For his honeymoon tour, Cincinnati Bengals quarterback Jordan Palmer experienced some of the islands’ most fun outdoor activities — golf, bow hunting, the surf and, the past two days, the University of Hawaii football team’s passing offense.
"I expected (the Warriors) to have good quarterbacks and good receivers, and they did not disappoint," Palmer said of his workout sessions at UH’s Ching Athletic Complex.
With the Bengals’ training camp opening next week, Palmer, a backup to older brother Carson Palmer, wanted to extend his Hawaii honeymoon while finding time to keep fit.
"My wife knows that," he said, smiling. "I have to make some money."
After learning that Palmer would be training on the Manoa campus, several players volunteered to help.
Palmer said he was impressed with the receivers, particularly senior slotbacks Greg Salas and Kealoha Pilares.
"Greg has a lot of talent," Palmer said. "He’s easy to throw to. He’s a big guy (6 -foot-2) who gets it, ‘get it’ meaning he understands football, he understands routes. I say ‘come flat on this,’ he knows what I’m talking about. He seems like a real cerebral player. I’ve known him for only two days, but it seems he knows every route, every position, every coverage. Guys like that have a real opportunity to make it in the NFL."
Salas said Palmer preached running hard on every play.
"If you run a 4.7 (over 40 yards), always run a 4.7," Palmer said. "If you run a 4.5, always run a 4.5. Greg plays at full speed. I’m sure if you put on his game tapes right now, I’ll see him running full speed on everything. And, obviously, he makes catches."
Palmer likened Pilares to Chad Owens, a former UH slotback now with the Toronto Argonauts of the Canadian Football League. Palmer, who played at UTEP, faced Owens’ Warriors a few times when the Miners were a member of the Western Athletic Conference.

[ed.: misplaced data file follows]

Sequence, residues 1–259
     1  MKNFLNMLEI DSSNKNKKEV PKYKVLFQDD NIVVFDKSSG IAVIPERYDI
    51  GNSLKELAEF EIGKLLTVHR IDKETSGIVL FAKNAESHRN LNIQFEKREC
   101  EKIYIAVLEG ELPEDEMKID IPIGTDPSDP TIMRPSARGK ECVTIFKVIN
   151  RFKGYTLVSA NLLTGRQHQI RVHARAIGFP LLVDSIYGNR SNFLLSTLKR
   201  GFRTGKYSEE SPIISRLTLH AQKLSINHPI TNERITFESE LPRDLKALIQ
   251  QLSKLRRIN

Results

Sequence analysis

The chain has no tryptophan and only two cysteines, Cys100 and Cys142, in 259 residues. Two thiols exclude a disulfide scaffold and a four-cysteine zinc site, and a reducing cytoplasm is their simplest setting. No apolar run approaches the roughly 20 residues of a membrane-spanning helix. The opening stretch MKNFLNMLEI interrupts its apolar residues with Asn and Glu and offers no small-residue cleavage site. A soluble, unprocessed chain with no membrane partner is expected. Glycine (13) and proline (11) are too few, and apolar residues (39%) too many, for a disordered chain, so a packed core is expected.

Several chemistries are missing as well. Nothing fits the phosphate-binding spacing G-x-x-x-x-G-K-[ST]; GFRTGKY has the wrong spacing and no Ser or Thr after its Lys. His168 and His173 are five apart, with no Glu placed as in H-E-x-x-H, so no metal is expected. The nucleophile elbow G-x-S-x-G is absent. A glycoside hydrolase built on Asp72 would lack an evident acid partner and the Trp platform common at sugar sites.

"Kealoha is a shorter guy (at 5-10), but he’s really quick, just like Chad Owens," Palmer said. "He had good hands. He looks like he’s really good (running) after the catch."
Palmer said Salas and Pilares are both skilled technicians.
"They catch everything only with their hands," Palmer said. "A lot of times in the NFL, a lot of guys still use their body to catch passes. They get a little lazy. Greg and Kealoha have good work habits."
Salas said the 45-minute sessions were helpful.
"It’s good to talk to someone who’s at the next level," Salas said. "He gives us a lot of insights on what we need to work on. He helps you with the little things."
Pilares said of Palmer: "He’s in the league. He knows the ins and outs. He knows what he’s talking about."
Lafaele provides boost
In a revised version of the "Be Like Mike" program, former UH defensive tackle Michael Lafaele yesterday was summoned to provide an emotional boost.
"We needed a little wake-up call," said defensive tackle Vaughn Meatoga, who called Lafaele. "He was the alarm."
Lafaele worked with the defensive linemen yesterday, showing them how to use their hands to fight off blockers.
"He was a big influence on me when I was a freshman," said Meatoga, now a fourth-year junior. "He taught me about hard work. He had the attitude of a D-lineman. He didn’t care about anybody but his boys. He went out and killed offensive linemen."
Lafaele said: "I told them the defensive line is the heart of the defense, the heart of the team. They have to control the line of scrimmage, take pride in that kind of stuff."
Defensive tackle Kaniela Tuipulotu remembered Lafaele’s performance in 2007, when he played despite a painful ankle injury.
"He was hurt, but you couldn’t tell," Tuipulotu said. "He kept playing hard. He was an animal out there. You can’t ever second-guess a guy like that."
Lafaele, who works for a marketing company, said his football career has ended.
"Look at him," Meatoga argued. "He’s in shape. He probably could suit up right now if he had to."